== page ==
- Fly control. Reducing fly populations can help eliminate a source of transmission.
- Proper waste management. Properly disposing of animal and human waste can reduce breeding grounds for flies.
- Improved access to water. Having a fresh water source nearby can help improve hygienic conditions.
No trachoma vaccine is available, but prevention is possible. The WHO has developed a strategy to prevent trachoma, with the goal of eliminating it by 2020. While the goal hasn't been entirely achieved, trachoma cases have declined sharply. The strategy, titled SAFE, involves:
- Surgery to treat advanced forms of trachoma
- Antibiotics to treat and prevent the infection
- Facial cleanliness
- Environmental improvements, particularly in water, sanitation and fly control
Your doctor can diagnose trachoma through a physical examination or by sending a sample of bacteria from your eyes to a laboratory for testing. But lab tests aren't always available in places where trachoma is common.
Trachoma treatment options depend on the stage of the disease.
In the early stages of trachoma, treatment with antibiotics alone may be enough to eliminate the infection. Your doctor may prescribe tetracycline eye ointment or oral azithromycin (Zithromax). Azithromycin appears to be more effective than tetracycline, but it's more expensive.
The World Health Organization (WHO) recommends giving antibiotics to an entire community when more than 10% of children have been affected by trachoma. The goal of this guideline is to treat anyone who has been exposed to trachoma and reduce the spread of trachoma.
Treatment of later stages of trachoma — including painful eyelid deformities — may require surgery.
In eyelid rotation surgery (bilamellar tarsal rotation), your doctor makes an incision in your scarred lid and rotates your eyelashes away from your cornea. The procedure limits the progression of corneal scarring and may help prevent further loss of vision.
If your cornea has become clouded enough to seriously impair your vision, corneal transplantation may be an option that could improve vision.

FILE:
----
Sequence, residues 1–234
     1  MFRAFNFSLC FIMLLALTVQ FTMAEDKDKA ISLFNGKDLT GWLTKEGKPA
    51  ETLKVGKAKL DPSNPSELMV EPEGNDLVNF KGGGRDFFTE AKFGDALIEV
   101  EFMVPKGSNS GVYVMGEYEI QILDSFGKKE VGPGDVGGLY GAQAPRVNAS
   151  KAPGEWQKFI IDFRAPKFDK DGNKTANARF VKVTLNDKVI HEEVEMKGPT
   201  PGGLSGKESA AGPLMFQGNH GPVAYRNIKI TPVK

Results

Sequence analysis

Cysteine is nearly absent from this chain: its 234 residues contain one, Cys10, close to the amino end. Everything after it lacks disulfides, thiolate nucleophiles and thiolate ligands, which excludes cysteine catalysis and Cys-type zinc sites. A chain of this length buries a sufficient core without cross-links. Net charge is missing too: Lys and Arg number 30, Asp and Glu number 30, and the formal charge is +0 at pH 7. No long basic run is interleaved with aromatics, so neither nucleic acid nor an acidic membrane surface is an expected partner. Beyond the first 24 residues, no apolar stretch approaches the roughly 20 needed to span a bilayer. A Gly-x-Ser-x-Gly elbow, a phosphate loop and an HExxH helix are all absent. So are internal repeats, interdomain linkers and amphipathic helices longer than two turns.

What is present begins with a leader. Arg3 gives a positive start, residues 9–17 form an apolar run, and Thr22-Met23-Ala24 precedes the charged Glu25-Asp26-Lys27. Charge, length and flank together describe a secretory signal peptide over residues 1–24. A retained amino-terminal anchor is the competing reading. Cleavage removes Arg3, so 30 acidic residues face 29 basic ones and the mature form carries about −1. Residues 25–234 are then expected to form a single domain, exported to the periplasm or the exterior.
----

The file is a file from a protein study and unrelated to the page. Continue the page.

You may have a procedure to remove eyelashes (epilation) in some cases. This procedure may need to be done repeatedly.
Preparing for an appointment
You're likely to start by seeing your primary care doctor if you or your child has symptoms of trachoma. Or you may be referred immediately to an eye specialist (ophthalmologist). When you make the appointment, ask if you need to do anything in the meantime, such as keeping your child home from school or child care.
Here's some information to help you get ready for your appointment.
What you can do
Before your appointment make a list of:
- Symptoms of the person seeking treatment, including any details about changes in vision
- Key personal information, such as recent travel, use of new makeup products, and a change of contacts or glasses
- All medications and any vitamins or supplements that the person seeking treatment is taking
- Questions to ask the doctor
For eye irritation, some basic questions to ask your doctor include:
- What's the most likely cause of these symptoms?
- Other than the most likely cause, what are other possible causes for these symptoms?
- What kinds of tests are needed?
- Is the condition likely temporary or chronic?
- What is the best course of action?
- Will this condition cause any long-term complications?
- Should my child or I follow any restrictions, such as staying home from school or work?
- Should I see a specialist? What will that cost, and will my insurance cover it?
- Is there a generic alternative to the medicine you're prescribing for me?
- Do you have any brochures or other printed material for me? What websites do you recommend visiting?
What to expect from your doctor
Your doctor is likely to ask you a number of questions, such as:
- Have you ever had a similar problem?
- When did you first begin experiencing symptoms?
- How severe are your symptoms? Do they seem to be getting worse?
- What, if anything, seems to improve your symptoms?
- What, if anything, appears to worsen your symptoms?
- Is anyone else in your household having similar symptoms?
- Have you been treating your symptoms with any medications or drops?
What you can do in the meantime
While you are waiting for your appointment, practice good hygiene to reduce the possibility of spreading your condition by taking these steps:
- Don't touch your eyes without first washing your hands.
- Wash your hands thoroughly and frequently.
- Change your towel and washcloth daily, and don't share them with others.
- Change your pillowcase often.
- Discard eye cosmetics, particularly mascara.
- Don't use anyone else's eye cosmetics or personal eye care items.
- Discontinue wearing your contact lenses until your eyes have been evaluated; then follow your eye doctor's instructions on proper contact lens care.
- If your child is infected, have him or her avoid close contact with other children.